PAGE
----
Australia: The Land Where Time Began

A biography of the Australian continent 

Climate Change Science Land Temperatures Boreholes

A global temperature reconstruction using temperatures that were measured from boreholes was begun and maintained by The Geothermal Laboratory of the University of Michigan (UM), and has also been maintained by the NCDC. The underground temperature measurements in the UM study were examined from a database of more than 350 boreholes located in eastern North America (116), central Europe (98), Southern Africa (86) and Australia (58). The scientists have found by this approach that the 20th century was the warmest of the past 500 years, which confirmed the results of the temperature studies.

To generate the borehole reconstructions the geophysical methods used do not permit annual or decadal resolution, only the century-scale temperature trend over the last several centuries. This record, however, that is totally independent of data and methods used in other studies, shows that the Earth has been warming dramatically for some time.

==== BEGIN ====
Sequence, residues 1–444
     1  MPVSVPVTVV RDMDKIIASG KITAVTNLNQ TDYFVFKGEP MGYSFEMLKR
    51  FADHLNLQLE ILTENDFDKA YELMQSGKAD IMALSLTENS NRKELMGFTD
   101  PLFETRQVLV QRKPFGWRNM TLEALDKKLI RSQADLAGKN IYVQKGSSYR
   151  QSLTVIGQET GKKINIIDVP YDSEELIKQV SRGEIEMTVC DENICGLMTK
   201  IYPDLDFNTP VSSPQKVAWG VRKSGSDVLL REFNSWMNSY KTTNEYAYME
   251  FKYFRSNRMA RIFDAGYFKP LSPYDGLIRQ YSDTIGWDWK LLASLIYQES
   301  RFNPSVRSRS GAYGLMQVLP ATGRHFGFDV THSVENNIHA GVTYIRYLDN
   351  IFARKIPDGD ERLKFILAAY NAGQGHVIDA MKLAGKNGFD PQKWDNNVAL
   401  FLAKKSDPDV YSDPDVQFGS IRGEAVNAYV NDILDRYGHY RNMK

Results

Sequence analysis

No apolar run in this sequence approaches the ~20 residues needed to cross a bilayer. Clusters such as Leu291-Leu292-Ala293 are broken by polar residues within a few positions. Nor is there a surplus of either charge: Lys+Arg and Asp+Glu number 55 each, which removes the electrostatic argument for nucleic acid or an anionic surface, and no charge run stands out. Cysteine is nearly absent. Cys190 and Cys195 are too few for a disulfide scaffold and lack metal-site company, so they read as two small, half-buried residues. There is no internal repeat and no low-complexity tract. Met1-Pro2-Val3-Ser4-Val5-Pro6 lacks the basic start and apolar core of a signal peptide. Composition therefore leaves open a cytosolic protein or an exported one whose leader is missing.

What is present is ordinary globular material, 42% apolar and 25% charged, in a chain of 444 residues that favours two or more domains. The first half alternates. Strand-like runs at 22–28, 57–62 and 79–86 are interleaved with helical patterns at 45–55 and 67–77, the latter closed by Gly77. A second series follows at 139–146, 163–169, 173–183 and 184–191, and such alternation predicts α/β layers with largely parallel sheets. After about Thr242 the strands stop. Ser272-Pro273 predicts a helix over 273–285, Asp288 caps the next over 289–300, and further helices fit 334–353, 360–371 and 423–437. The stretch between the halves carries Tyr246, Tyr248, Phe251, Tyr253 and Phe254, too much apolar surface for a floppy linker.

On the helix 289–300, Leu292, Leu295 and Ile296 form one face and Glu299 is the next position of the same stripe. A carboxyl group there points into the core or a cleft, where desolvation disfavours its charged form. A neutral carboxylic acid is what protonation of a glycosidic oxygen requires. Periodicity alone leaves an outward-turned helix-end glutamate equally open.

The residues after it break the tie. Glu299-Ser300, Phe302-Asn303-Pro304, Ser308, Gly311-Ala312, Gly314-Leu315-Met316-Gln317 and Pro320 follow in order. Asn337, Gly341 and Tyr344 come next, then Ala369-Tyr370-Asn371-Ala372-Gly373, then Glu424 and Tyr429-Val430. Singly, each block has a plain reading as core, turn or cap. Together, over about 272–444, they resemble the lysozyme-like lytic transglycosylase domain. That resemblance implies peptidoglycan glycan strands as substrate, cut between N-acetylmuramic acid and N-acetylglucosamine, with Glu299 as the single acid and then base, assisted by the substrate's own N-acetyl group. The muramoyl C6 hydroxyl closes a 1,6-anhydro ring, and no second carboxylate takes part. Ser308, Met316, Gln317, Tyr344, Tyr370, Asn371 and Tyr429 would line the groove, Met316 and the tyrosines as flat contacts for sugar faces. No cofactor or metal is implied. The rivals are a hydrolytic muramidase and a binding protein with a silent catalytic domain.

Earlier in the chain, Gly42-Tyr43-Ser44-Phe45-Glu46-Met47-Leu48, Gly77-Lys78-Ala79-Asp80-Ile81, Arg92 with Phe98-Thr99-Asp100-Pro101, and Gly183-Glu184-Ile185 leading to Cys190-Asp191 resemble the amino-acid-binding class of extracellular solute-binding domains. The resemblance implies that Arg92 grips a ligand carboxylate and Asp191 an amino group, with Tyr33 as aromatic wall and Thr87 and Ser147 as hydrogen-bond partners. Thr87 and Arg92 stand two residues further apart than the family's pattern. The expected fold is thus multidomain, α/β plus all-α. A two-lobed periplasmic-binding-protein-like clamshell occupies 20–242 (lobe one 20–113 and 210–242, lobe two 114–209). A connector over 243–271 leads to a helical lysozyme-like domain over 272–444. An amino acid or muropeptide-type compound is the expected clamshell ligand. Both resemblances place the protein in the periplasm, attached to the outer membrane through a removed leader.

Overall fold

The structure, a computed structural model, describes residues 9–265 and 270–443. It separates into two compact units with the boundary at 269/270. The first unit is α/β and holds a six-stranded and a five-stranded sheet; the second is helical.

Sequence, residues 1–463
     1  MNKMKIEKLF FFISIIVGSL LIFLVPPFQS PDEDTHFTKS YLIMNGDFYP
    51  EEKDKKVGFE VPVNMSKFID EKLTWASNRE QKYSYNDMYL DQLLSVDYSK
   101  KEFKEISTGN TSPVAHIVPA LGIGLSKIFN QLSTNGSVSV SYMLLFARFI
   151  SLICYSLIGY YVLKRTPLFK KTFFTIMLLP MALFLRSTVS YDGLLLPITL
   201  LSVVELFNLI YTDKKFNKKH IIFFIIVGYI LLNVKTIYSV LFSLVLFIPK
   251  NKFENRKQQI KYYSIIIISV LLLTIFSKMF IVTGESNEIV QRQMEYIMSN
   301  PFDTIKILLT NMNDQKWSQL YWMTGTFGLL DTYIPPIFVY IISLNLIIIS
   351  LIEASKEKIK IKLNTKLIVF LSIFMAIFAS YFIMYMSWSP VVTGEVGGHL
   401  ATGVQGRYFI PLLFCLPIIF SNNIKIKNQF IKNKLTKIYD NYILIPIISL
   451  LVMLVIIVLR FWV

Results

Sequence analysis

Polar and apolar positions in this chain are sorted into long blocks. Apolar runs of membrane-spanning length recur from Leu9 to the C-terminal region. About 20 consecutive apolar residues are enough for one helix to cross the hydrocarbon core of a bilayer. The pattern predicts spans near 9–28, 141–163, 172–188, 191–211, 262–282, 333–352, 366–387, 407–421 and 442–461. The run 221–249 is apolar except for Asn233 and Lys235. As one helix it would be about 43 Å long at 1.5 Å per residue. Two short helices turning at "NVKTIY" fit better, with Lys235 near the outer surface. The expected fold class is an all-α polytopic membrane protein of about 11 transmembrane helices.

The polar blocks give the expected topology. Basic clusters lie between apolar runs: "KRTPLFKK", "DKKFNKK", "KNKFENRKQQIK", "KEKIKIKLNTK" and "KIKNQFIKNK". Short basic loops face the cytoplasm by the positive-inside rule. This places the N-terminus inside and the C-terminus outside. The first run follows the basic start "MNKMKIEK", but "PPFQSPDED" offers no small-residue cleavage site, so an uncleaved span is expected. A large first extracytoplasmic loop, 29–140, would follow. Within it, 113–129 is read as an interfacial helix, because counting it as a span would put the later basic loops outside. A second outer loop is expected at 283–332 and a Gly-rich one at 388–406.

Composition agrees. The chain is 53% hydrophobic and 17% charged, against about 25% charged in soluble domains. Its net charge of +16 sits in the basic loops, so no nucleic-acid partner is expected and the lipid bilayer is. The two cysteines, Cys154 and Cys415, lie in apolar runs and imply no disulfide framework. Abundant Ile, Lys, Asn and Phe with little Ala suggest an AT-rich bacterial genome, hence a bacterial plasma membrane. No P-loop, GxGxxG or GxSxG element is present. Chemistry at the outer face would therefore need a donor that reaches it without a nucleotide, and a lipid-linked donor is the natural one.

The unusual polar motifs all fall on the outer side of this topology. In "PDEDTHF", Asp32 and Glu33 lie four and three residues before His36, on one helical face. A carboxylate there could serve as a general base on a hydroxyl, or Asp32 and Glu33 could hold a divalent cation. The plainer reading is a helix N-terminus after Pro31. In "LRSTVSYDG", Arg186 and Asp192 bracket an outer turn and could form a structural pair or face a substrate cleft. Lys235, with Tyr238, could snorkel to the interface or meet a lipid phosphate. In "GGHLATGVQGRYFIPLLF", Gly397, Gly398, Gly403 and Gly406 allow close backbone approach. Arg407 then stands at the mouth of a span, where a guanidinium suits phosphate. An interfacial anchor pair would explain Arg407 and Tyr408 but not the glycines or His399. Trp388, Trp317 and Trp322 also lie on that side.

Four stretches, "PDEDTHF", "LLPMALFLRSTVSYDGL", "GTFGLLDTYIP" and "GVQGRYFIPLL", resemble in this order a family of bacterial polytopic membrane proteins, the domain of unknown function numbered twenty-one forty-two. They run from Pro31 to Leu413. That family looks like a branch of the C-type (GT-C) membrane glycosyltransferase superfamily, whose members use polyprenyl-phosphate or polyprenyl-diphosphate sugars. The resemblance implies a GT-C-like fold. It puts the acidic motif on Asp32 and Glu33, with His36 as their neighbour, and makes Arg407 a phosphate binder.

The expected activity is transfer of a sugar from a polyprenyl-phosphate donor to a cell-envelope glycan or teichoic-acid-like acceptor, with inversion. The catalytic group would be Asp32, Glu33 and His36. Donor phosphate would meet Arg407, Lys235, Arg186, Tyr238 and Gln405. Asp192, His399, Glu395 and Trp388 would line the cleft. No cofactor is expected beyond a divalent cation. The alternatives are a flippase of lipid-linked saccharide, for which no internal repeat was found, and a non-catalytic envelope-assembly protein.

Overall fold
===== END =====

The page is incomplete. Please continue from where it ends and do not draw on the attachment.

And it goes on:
It is indicated by a composite temperature history from 358 borehole sites from around the world that was obtained by the UM scientists that the mean temperature of the present day is on average 1.0oC warmer than it was 500 years ago. In the 20th century alone the temperature change has been about 0.5oC, equalling the cumulative change inferred for the previous 400 years. In the time interval of overlap the composite meteorological record for the sites, where available, shows similar trends.

Farmer et al. say more information on land temperatures from the boreholes is available on:

Sources & Further reading

  1. Farmer, G. Thomas & Cook, John, 2013, Climate Change Science: A modern Synthesis, The Physical Climate Vol.1, Springer Dordrecht


Author: M. H. Monroe
Last updated: 10/12/2014
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